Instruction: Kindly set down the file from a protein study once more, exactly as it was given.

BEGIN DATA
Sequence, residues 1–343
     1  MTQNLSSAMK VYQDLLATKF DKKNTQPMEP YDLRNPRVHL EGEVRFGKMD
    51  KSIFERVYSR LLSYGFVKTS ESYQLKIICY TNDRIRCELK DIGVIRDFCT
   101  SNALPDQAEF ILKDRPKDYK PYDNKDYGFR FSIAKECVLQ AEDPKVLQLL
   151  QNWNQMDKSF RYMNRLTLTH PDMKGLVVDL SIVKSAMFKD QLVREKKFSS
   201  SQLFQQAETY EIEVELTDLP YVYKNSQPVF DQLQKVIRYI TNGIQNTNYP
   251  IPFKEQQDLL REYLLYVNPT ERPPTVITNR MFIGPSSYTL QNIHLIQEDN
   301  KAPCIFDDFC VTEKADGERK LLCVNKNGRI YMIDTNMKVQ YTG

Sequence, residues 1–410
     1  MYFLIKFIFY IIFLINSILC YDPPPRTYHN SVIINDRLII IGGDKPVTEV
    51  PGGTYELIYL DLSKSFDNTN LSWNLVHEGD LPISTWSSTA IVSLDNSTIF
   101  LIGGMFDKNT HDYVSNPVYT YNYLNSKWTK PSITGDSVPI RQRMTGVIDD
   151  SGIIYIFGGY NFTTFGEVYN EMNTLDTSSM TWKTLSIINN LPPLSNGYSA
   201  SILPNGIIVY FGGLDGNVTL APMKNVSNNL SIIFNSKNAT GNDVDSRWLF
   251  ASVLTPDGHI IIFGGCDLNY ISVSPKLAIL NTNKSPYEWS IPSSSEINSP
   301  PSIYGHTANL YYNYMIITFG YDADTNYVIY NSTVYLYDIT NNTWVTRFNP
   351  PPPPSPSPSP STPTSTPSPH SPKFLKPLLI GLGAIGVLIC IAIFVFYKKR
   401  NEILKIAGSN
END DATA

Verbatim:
Sequence, residues 1–343
     1  MTQNLSSAMK VYQDLLATKF DKKNTQPMEP YDLRNPRVHL EGEVRFGKMD
    51  KSIFERVYSR LLSYGFVKTS ESYQLKIICY TNDRIRCELK DIGVIRDFCT
   101  SNALPDQAEF ILKDRPKDYK PYDNKDYGFR FSIAKECVLQ AEDPKVLQLL
   151  QNWNQMDKSF RYMNRLTLTH PDMKGLVVDL SIVKSAMFKD QLVREKKFSS
   201  SQLFQQAETY EIEVELTDLP YVYKNSQPVF DQLQKVIRYI TNGIQNTNYP
   251  IPFKEQQDLL REYLLYVNPT ERPPTVITNR MFIGPSSYTL QNIHLIQEDN
   301  KAPCIFDDFC VTEKADGERK LLCVNKNGRI YMIDTNMKVQ YTG

Sequence, residues 1–410
     1  MYFLIKFIFY IIFLINSILC YDPPPRTYHN SVIINDRLII IGGDKPVTEV
    51  PGGTYELIYL DLSKSFDNTN LSWNLVHEGD LPISTWSSTA IVSLDNSTIF
   101  LIGGMFDKNT HDYVSNPVYT YNYLNSKWTK PSITGDSVPI RQRMTGVIDD
   151  SGIIYIFGGY NFTTFGEVYN EMNTLDTSSM TWKTLSIINN LPPLSNGYSA
   201  SILPNGIIVY FGGLDGNVTL APMKNVSNNL SIIFNSKNAT GNDVDSRWLF
   251  ASVLTPDGHI IIFGGCDLNY ISVSPKLAIL NTNKSPYEWS IPSSSEINSP
   301  PSIYGHTANL YYNYMIITFG YDADTNYVIY NSTVYLYDIT NNTWVTRFNP
   351  PPPPSPSPSP STPTSTPSPH SPKFLKPLLI GLGAIGVLIC IAIFVFYKKR
   401  NEILKIAGSN